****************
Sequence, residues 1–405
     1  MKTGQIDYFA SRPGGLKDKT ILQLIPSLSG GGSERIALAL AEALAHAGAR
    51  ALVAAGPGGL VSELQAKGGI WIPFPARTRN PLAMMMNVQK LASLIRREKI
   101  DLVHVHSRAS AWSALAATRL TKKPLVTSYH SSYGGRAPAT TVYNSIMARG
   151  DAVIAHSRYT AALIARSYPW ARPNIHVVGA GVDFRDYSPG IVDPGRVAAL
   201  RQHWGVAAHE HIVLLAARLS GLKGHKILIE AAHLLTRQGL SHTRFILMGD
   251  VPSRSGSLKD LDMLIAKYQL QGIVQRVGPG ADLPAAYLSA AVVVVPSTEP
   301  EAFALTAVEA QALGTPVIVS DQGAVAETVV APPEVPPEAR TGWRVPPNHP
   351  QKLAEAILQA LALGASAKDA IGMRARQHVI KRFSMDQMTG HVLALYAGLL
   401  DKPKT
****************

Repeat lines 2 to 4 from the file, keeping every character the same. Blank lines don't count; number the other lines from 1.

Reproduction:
     1  MKTGQIDYFA SRPGGLKDKT ILQLIPSLSG GGSERIALAL AEALAHAGAR
    51  ALVAAGPGGL VSELQAKGGI WIPFPARTRN PLAMMMNVQK LASLIRREKI
   101  DLVHVHSRAS AWSALAATRL TKKPLVTSYH SSYGGRAPAT TVYNSIMARG